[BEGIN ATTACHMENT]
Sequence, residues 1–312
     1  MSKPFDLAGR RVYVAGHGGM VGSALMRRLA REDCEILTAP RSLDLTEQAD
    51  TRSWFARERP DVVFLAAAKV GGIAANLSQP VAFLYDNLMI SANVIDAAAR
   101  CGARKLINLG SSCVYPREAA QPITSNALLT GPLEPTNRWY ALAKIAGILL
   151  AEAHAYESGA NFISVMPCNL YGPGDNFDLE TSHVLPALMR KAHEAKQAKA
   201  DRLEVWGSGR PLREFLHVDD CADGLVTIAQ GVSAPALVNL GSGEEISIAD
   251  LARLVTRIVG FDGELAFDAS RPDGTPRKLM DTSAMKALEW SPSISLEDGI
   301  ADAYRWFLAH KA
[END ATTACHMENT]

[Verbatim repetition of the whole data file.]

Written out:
Sequence, residues 1–312
     1  MSKPFDLAGR RVYVAGHGGM VGSALMRRLA REDCEILTAP RSLDLTEQAD
    51  TRSWFARERP DVVFLAAAKV GGIAANLSQP VAFLYDNLMI SANVIDAAAR
   101  CGARKLINLG SSCVYPREAA QPITSNALLT GPLEPTNRWY ALAKIAGILL
   151  AEAHAYESGA NFISVMPCNL YGPGDNFDLE TSHVLPALMR KAHEAKQAKA
   201  DRLEVWGSGR PLREFLHVDD CADGLVTIAQ GVSAPALVNL GSGEEISIAD
   251  LARLVTRIVG FDGELAFDAS RPDGTPRKLM DTSAMKALEW SPSISLEDGI
   301  ADAYRWFLAH KA